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Solva axe attacker’s double sentence

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Screen Shot 2016-03-02 at 10.55.47

Anchor down: Solva

A MAN attacked his adoptive father with an axe before chasing him through the streets of Solva and proceeding to attack him for a second time in a pub.

Philip Swan, aged 40, denied attempting to murder David Swan but admitted causing grievous bodily harm with intent. He was given a 14 year prison sentence.

Swansea Crown Court heard that separate police forces had inadvertently provided Swan with the weapon and the location of his intended victim.

For the tragic offence Swan will serve between six and nine years behind bars but after his eventual release, he will be liable to be recalled to prison until February, 2030, after Judge Paul Thomas passed an extended sentence.

Ian Wright, prosecuting, said the offending began on July 3 last year at Gloucester railway station.

Swan had set off to attack Mr Swan but was arrested by British Transport Police (BTP) after getting into a row on the platform with a stranger.

By then Gloucester Police had told him that Mr Swan was living somewhere in Solva.

BTP found the axe in Swan’s rucksack but gave it back to him after he claimed to be “interested in bush craft.”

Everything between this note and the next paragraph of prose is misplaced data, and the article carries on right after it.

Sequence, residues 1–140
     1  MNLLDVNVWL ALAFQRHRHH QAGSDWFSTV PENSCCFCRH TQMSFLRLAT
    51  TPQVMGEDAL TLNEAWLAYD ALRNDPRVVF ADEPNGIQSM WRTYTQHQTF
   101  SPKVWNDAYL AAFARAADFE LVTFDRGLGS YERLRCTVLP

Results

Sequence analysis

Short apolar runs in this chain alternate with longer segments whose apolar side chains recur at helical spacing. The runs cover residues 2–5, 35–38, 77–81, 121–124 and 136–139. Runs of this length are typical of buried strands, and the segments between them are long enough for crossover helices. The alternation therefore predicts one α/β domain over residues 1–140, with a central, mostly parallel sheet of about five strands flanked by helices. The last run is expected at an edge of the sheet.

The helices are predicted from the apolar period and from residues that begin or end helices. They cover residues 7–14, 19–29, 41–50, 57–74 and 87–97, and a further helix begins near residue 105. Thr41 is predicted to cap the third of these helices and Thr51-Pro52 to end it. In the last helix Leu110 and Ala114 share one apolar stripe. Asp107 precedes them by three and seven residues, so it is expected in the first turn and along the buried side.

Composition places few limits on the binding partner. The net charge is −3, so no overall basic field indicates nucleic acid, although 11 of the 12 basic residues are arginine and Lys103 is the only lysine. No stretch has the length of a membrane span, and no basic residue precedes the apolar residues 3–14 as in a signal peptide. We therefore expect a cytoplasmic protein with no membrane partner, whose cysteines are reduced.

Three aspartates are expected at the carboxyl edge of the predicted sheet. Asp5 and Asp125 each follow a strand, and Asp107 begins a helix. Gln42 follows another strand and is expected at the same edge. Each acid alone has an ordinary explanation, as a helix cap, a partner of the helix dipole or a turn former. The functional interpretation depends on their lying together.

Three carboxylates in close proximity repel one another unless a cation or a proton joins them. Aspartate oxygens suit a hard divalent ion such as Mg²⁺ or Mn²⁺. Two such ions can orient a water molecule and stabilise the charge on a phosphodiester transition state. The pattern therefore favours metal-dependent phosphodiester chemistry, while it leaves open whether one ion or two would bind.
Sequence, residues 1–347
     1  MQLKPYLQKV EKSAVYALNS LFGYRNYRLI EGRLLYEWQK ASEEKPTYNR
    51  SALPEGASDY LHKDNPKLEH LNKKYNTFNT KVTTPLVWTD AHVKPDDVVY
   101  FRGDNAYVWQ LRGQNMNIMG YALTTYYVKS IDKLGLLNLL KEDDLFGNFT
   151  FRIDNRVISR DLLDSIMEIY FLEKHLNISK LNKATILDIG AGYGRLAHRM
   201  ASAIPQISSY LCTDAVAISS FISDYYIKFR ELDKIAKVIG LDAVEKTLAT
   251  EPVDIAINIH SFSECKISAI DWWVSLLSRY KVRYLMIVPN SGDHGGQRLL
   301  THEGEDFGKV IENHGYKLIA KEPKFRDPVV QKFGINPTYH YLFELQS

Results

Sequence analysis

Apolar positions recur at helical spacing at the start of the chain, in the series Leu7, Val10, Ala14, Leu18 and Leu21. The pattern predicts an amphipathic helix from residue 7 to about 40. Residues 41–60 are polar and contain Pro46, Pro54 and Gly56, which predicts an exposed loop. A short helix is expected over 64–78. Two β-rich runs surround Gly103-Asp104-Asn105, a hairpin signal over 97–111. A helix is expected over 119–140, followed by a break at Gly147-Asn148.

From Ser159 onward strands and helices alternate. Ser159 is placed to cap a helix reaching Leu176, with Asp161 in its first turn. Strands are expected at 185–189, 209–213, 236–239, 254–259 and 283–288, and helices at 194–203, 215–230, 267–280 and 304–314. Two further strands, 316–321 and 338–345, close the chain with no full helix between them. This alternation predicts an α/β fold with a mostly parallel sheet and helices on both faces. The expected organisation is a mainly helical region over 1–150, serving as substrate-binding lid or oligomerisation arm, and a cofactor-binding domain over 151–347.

Swan went home but the following day travelled by train to west Wales. Early on July 5 a warden at St David’s church in Solva found him asleep on a pew.

He asked her where “David and Margery Swan” lived and was innocently directed to Anchor Down.

Swan broke into the property through a window and confronted Mrs Swan, described by Wright as an 89 year old lady suffering from advanced Altzheimers. She was effectively his grandmother, Mr Swan having married Swan’s mother and later adopting him, but would be wounded during the violence that followed.

Swan set about removing telephone handsets and kitchen knives and hiding them on the top of a fridge and bedroom wardrobes.

About midday Mr Swan arrived but left his partner, Anna Gifford, in his car parked outside.

Mr Wright said as Mr Swan entered the house “he knew immediately that something was wrong.”

Swan ran at him and delivered a blow to his forehead with the axe.

Mr Swan managed to grapple with his son and gained control, but agreed to release him after Swan promised not to resume the attack.

But that was exactly what he did and again struck Mr Swan with the axe as Mrs Swan tried to defend him, suffering leg injuries in the process. A forensic science officer later found blood and “fatty tissue” belonging to Mr Swan in the hall, kitchen and living room.

Miss Gifford heard screams coming from the house and then saw Mr Swan running out with Swan in pursuit.

He chased Mr Swan to The George pub and both entered virtually alongside. Swan hit him to his back with the axe and Mr Swan “screamed in pain.” Mr Swan was ushered by staff into the kitchen area leaving his son “swinging the axe around above his head.”

Before police could arrive Swan returned to Anchor Down and “touched” the shoulder of Mrs Swan, before returning to the pub, to tell the landlord, “I’ll get fifteen years for this.”

On his return, staff smuggled Mr Swan out of a private door but Swan saw him, approached him and made more threats, before telling a staff member, “It was a hell of a thing to attack someone with an axe when they had put their hands up to defend themselves.